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10 Warning Signs of Cancer in Dogs

10 Warning Signs of Cancer in Dogs
Some signs can be subtle.

It’s every owner’s worst fear. Your older pup is getting on in years and slowing down. Of course, with regular check-ups your vet will help identify any concerns he/she might have but in the back of your mind, you’ve heard stories or perhaps had other dogs who seemingly overnight were diagnosed with cancer.

While you can’t prevent your dog from getting cancer, you can educate yourself about early warning signs. As with humans, early detection is key. Here are the top 10 warning signs of cancer in dogs, courtesy of petMD.

1. Coughing or difficulty breathing
Although typically symptoms of heart and lung disease, coughing and abnormal breathing can also indicate cancer. This symptom will most likely occur if cancer in your pet's body has metastasized into his or her lungs.

2. Lethargy and depression
Dogs with cancer tend to suffer from depression and sleep more, become less playful, and be less willing to go for walks. Although lethargy or depression can set in with any illness, it is commonly seen in pets that have cancer.

3. Changes in bathroom habits
Any changes in your pet's bathroom habits including difficulty using the bathroom, frequent bathroom use, and blood in urine or stools are potential warning signs that cancer may have developed.

4. Abnormal discharges
Discharges such as blood, pus, vomit, diarrhea, and any other abnormal substance excreted from your dog's body should be checked out by a veterinarian immediately. A bloated or distended stomach could also be a sign of internal discharge.

5. Evidence of pain
Limping or other evidence of your dog in pain when s/he is active, or if the pain is too great for them to be active, can be indications of cancer of the bone.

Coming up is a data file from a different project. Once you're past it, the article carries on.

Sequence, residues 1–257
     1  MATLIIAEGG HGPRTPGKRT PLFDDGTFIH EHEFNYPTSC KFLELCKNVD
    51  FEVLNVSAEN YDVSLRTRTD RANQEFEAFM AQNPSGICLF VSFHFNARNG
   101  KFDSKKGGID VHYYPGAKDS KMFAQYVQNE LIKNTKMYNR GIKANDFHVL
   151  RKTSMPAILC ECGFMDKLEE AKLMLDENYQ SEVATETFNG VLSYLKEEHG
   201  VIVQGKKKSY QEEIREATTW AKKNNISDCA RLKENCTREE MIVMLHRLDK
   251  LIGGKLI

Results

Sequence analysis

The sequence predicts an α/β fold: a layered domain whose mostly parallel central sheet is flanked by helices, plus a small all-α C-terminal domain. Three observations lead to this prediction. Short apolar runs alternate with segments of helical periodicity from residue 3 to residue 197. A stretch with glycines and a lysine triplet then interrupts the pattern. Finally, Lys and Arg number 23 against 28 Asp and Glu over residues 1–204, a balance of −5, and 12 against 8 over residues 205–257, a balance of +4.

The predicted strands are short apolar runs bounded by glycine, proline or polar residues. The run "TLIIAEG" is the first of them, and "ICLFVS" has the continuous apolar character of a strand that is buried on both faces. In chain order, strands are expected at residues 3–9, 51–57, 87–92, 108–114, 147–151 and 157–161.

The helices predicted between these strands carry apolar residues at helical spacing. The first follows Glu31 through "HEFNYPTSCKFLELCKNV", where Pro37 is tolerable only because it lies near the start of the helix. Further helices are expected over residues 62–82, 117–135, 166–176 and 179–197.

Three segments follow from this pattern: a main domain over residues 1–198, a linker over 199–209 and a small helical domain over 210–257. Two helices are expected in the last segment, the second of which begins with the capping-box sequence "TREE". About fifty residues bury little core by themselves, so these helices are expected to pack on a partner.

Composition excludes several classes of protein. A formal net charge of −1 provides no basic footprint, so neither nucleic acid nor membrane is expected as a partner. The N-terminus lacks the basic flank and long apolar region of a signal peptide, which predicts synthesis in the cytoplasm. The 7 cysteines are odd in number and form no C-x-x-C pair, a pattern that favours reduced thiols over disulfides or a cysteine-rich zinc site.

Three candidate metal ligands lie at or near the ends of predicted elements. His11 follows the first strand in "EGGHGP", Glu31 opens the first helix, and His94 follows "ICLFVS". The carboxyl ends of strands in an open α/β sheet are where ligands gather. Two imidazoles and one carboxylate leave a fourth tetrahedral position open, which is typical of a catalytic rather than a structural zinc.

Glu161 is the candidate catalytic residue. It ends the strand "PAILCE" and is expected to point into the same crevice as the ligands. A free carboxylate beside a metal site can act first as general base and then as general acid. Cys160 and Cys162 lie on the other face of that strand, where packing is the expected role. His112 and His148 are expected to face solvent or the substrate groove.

6. Abnormal odors
Foul odors from any of your dog's orifices and/or body parts may be a cause for concern. Cancers of the mouth, nose, or anal regions can cause your pet to emit offensive odors.

7. Lumps and bumps
Not every lump or bump is necessarily cancerous, but consulting with your vet is the only way to be sure. If the lump is growing or not resolving itself, contact your vet and s/he will do a biopsy to determine the contents of the bump.

8. Weight loss
Sudden weight loss in dogs not on a diet can be an indicator of many diseases and illnesses. If coupled with another warning sign of cancer, you schedule an appointment with your vet right away.

9. Change in appetite
While a lack of appetite can be an indicator of many things, dogs never stop eating without a cause. A decrease in appetite can indicate an oral tumor, which would make it painful and difficult for your dog to eat and swallow.

10. Non-healing wounds
Lacerations or sores that do not heal within a normal time range on the surface of your dog's body may indicate infection, skin disease, or possibly cancer.

Keep in mind that no single sign is indicative of cancer alone, but if notice two or more signs, take your dog to the vet for a complete check-up.

Read More:
Discovering a Lump on Your Pup
Could Your Dog Be a Senior?

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